Although she’s high-performance, the 33 is also exceptionally finished as evidenced in the high-gloss American cherry below decks. Cherrywood is the only wood option, which again helps Cranchi keep the price down. The grain was well-matched and reflected light from the saloon’s six overhead lights as well as the natural light coming in from the two overhead hatches. This was a welcome change from some express boats I’ve been on, where the below-decks area was so dark it made me feel sensory-deprived.
The saloon, which offers 6’3” headroom, has a U-shape Alcantara lounge forward. This area, with a centerline dinette table, is a great place for lunch on the hook, or drop the table and it’s siesta time for two, while an aft berth accommodates another couple. Everyone shares the lone head with shower, aft of the lounge to starboard. The 33’s accommodations are adequate for a long weekend (longer if there are only two people onboard).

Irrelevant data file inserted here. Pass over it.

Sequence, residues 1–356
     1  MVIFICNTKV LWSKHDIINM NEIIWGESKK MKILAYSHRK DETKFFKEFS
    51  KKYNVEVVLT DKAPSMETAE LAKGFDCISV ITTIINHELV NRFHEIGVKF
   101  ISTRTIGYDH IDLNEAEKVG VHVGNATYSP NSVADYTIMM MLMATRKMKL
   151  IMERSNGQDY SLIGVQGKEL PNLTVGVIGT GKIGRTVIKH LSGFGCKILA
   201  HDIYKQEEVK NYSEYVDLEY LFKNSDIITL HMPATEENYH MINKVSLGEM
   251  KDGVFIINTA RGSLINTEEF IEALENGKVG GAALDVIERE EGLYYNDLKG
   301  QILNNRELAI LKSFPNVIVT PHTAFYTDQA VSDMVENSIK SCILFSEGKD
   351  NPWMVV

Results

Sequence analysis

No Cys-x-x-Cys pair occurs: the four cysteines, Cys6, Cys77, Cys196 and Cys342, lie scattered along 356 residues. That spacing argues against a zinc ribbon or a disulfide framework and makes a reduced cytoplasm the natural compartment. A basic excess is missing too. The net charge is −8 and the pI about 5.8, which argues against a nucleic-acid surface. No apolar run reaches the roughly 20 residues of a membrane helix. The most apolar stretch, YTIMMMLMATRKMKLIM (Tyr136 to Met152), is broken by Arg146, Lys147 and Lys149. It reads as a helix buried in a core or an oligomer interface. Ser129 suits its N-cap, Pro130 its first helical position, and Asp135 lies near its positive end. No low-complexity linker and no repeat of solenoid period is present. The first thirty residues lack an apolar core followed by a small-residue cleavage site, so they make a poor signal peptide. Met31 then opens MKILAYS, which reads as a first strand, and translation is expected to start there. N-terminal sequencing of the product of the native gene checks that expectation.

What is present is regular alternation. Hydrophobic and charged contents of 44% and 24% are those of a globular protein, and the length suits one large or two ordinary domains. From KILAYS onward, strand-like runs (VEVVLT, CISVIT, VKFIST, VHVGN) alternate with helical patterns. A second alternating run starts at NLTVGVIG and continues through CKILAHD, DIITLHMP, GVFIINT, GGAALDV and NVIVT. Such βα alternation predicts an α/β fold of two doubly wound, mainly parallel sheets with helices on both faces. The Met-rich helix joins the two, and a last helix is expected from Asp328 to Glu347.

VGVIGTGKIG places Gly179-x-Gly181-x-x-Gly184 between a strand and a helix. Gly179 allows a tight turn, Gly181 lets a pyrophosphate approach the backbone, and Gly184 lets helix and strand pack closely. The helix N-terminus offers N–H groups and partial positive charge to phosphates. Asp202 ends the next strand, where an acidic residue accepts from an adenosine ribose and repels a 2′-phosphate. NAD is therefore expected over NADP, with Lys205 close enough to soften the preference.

Stowage is at a premium onboard the 33, yet her galley cabinets have enough room for a weekend’s worth of stores. The galley is also standard with a one-burner Kenyon electric/alcohol stove, which I suspect would be used more for reheating than cooking.
One place where room is not an issue is the teak-accented cockpit, an eye-friendly departure from many of the blinding-white cockpits I’ve experienced. The benchseat aft is a comfy place to sit, and that RTM-built wet bar to port reduces trips below decks for beverages.
This article originally appeared in the April 2003 issue of Power & Motoryacht magazine.